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Ff-nano, short functionalized nanorods derived from Ff (f1, fd, or M13) filamentous bacteriophage.

Sattar S, Bennett NJ, Wen WX, Guthrie JM, Blackwell LF, Conway JF, Rakonjac J - Front Microbiol (2015)

Bottom Line: In contrast to standard Ff-derived vectors that replicate in E. coli and contain antibiotic-resistance genes, Ff-nano are protein-DNA complexes that cannot replicate on their own and do not contain any coding sequences.These nanorods show an increased resistance to heating at 70(∘)C in 1% SDS in comparison to the full-length Ff phage of the same coat composition.We demonstrate that functionalized Ff-nano particles are suitable for application as detection particles in sensitive and quantitative "dipstick" lateral flow diagnostic assay for human plasma fibronectin.

View Article: PubMed Central - PubMed

Affiliation: Institute of Fundamental Sciences, Massey University Palmerston North, New Zealand.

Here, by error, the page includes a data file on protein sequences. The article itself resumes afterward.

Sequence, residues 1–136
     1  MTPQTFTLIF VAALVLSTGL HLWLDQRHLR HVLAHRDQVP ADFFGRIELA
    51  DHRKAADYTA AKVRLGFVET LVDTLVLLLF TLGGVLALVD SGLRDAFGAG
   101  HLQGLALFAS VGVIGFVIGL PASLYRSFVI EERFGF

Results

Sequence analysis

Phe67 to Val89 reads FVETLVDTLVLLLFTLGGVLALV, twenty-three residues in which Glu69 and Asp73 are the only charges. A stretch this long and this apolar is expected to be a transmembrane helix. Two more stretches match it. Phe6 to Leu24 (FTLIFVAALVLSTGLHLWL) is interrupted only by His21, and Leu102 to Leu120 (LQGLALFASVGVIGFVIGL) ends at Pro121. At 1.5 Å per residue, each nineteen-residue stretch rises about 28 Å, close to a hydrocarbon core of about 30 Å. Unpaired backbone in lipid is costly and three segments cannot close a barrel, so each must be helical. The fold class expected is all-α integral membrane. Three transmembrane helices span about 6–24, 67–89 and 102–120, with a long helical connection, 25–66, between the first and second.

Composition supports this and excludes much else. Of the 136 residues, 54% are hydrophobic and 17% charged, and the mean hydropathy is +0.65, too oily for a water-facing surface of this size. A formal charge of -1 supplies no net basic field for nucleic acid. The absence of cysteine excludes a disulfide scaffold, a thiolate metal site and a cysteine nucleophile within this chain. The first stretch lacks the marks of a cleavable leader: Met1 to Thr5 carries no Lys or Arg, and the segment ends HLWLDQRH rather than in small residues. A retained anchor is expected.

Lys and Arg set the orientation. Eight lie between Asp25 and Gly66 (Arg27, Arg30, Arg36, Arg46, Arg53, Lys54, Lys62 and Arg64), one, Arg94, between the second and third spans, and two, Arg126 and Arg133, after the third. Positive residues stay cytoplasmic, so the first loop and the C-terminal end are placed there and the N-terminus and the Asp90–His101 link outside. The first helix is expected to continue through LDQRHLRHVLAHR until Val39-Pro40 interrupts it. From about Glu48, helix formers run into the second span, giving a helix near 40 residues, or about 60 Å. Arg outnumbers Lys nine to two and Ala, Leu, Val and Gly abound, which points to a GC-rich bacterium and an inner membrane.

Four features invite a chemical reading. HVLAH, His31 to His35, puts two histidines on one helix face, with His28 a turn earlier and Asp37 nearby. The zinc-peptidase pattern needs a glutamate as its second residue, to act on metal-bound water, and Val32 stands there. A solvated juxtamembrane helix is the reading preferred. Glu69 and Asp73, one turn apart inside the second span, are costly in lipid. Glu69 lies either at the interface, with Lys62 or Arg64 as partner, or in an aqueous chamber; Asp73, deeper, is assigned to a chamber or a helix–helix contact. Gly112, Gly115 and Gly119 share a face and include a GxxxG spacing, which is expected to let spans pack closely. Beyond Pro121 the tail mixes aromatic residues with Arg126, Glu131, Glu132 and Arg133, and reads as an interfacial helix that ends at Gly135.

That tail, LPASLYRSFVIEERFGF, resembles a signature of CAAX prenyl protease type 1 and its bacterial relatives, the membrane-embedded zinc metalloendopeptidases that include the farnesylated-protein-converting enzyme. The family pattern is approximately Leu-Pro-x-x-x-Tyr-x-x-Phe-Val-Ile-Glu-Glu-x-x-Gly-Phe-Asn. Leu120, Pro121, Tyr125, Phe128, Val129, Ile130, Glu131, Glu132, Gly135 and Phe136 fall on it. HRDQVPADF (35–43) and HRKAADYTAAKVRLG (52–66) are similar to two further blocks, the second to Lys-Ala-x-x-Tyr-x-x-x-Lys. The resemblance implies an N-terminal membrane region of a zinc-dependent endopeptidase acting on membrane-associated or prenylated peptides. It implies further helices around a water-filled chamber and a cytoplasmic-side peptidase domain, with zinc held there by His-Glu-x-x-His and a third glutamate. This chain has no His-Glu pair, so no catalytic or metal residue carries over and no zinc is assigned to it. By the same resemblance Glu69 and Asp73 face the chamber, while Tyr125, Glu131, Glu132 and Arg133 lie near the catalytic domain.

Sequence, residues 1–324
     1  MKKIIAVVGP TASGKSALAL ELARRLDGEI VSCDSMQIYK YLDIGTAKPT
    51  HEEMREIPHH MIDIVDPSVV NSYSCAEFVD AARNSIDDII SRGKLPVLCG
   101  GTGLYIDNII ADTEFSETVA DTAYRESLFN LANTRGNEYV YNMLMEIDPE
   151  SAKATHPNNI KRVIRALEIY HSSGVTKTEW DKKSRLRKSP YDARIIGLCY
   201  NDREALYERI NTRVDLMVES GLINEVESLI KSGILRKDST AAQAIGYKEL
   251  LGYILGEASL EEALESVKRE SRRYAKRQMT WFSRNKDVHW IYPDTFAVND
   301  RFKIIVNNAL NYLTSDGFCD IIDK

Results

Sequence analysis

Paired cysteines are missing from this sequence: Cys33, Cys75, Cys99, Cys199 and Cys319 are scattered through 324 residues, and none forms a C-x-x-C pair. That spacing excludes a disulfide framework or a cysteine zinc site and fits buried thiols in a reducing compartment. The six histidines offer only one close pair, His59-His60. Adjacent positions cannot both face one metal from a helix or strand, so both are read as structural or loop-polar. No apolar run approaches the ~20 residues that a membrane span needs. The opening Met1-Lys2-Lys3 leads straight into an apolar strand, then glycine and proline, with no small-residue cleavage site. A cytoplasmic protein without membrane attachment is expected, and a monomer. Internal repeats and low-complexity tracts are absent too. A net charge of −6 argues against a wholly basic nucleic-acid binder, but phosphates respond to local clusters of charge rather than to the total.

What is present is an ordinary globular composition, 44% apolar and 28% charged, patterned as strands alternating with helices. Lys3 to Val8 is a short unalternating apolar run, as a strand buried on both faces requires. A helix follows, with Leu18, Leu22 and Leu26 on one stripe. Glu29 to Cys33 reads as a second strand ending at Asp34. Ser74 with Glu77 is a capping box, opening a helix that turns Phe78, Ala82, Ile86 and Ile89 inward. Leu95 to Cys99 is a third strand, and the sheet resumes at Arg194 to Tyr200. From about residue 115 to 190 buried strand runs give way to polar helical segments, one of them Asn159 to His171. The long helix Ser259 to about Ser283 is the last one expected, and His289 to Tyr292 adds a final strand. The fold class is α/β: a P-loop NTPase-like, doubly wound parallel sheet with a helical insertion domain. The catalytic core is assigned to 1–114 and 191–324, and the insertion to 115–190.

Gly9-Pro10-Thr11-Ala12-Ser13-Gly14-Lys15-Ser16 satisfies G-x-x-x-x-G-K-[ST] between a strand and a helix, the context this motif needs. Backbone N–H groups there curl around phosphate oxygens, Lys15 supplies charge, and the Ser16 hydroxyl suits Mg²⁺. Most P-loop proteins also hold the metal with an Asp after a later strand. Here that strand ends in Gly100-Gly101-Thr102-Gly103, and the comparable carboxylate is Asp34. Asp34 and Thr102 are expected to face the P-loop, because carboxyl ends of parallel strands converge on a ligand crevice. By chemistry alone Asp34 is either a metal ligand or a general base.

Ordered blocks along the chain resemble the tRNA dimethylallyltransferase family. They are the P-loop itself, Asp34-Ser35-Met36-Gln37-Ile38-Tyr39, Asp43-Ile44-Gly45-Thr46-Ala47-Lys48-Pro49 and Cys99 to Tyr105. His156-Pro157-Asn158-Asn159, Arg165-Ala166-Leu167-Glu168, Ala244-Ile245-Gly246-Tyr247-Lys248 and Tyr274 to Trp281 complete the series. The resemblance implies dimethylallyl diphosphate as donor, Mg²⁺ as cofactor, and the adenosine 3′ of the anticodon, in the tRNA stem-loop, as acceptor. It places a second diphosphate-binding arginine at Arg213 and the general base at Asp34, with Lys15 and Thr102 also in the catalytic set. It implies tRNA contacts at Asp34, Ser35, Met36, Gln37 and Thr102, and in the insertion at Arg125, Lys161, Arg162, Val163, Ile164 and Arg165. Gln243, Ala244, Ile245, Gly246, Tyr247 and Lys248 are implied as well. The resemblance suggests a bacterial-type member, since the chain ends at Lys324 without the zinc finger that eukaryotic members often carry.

ABSTRACT
F-specific filamentous phage of Escherichia coli (Ff: f1, M13, or fd) are long thin filaments (860 nm × 6 nm). They have been a major workhorse in display technologies and bionanotechnology; however, some applications are limited by the high length-to-diameter ratio of Ff. Furthermore, use of functionalized Ff outside of laboratory containment is in part hampered by the fact that they are genetically modified viruses. We have now developed a system for production and purification of very short functionalized Ff-phage-derived nanorods, named Ff-nano, that are only 50 nm in length. In contrast to standard Ff-derived vectors that replicate in E. coli and contain antibiotic-resistance genes, Ff-nano are protein-DNA complexes that cannot replicate on their own and do not contain any coding sequences. These nanorods show an increased resistance to heating at 70(∘)C in 1% SDS in comparison to the full-length Ff phage of the same coat composition. We demonstrate that functionalized Ff-nano particles are suitable for application as detection particles in sensitive and quantitative "dipstick" lateral flow diagnostic assay for human plasma fibronectin.